Nutrient Timing

Nutrient timing

The importance of nutrient timing depends largely on your goals, preferences and lifestyle. For the vast majority of us its importance is vastly over played. It is certainly not the case that your workout is ruined if you don’t immediately down a shake as soon as you leave the gym. By far the biggest nutritional factor in determining your body composition is your total macronutrient intake.

How these nutrients are timed may be important for other reasons:

For long term results it is important to consider your preferred way of eating. For example do you enjoy eating more frequently or do you like to have fewer larger meals. Do you prefer eating before training or does this give you discomfort while exercising. Do you eat a larger evening meal with your family? You may want to account for this with smaller or less meals during the day.
Essentially you want to make your meal frequency fit around your lifestyle and not vice versa.

Nutrient timing may affect your performance for a few reasons..
1) Energy levels- low food intake prior to training could make you feel lethargic and reduce exercise intensity and enjoyment.
2) Hunger- going into the gym hungry means you are probably going to be thinking more about your post work out meal than your training session.

Nutrition is key to recovery. If you think about training as creating a stimulus; rest and recovery are needed to adapt to this stimulus. However, the extent to which timing is significant is frequently over exaggerated. For example the stores of glycogen (carbohydrate) within your muscles are easily replenished by the next day. This is only usually a consideration for endurance athletes training multiple times a day.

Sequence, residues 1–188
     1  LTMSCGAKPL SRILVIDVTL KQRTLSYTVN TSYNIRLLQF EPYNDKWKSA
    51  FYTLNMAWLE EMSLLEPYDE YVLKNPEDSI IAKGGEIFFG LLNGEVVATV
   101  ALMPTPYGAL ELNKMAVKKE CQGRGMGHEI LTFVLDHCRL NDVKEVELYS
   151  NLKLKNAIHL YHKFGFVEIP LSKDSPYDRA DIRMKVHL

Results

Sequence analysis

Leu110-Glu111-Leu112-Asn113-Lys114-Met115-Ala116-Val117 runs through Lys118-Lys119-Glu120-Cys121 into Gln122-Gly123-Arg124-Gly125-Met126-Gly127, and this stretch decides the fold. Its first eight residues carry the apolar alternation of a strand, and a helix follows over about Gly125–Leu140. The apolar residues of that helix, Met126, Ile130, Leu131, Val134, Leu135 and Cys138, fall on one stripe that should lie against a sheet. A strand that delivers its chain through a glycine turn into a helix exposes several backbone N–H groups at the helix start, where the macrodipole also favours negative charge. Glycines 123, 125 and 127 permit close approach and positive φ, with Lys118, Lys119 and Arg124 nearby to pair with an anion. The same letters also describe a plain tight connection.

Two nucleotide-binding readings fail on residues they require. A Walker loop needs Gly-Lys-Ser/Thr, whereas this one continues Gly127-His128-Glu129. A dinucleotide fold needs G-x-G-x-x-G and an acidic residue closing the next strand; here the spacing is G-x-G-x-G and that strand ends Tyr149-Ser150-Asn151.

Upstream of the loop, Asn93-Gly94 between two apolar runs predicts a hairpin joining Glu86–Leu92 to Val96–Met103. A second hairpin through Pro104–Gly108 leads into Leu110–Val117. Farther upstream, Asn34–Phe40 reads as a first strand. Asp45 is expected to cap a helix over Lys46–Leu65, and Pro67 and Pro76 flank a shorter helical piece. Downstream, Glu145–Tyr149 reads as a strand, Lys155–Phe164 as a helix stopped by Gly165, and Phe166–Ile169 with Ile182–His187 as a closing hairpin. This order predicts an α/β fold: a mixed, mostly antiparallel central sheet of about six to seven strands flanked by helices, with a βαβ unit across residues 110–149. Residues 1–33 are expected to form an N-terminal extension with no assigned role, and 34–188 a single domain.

Muscle mass
Protein is needed for muscles to repair and grow after training. In theory the quicker we can get protein in the quicker the recovery and growth process can begin. However, most studies show little effect of protein timing in healthy young individuals. Where this might play a role is in older adults who experience a reduced anabolic (muscle building) response. Despite this I would still recommend ingesting protein around your work out as it will certainly do no harm and may do some good. I also definitely wouldn’t run a red light on y way home from the gym if I forgot my post work out shake.

I find this is very individual. For some people eating little and often means they never get too hungry. Others prefer to have fewer larger meals and find this keeps them more satiated. Find what works for you.

Take home:
Play around with your nutrient timing to find what works best for YOU. There is no one size fits all.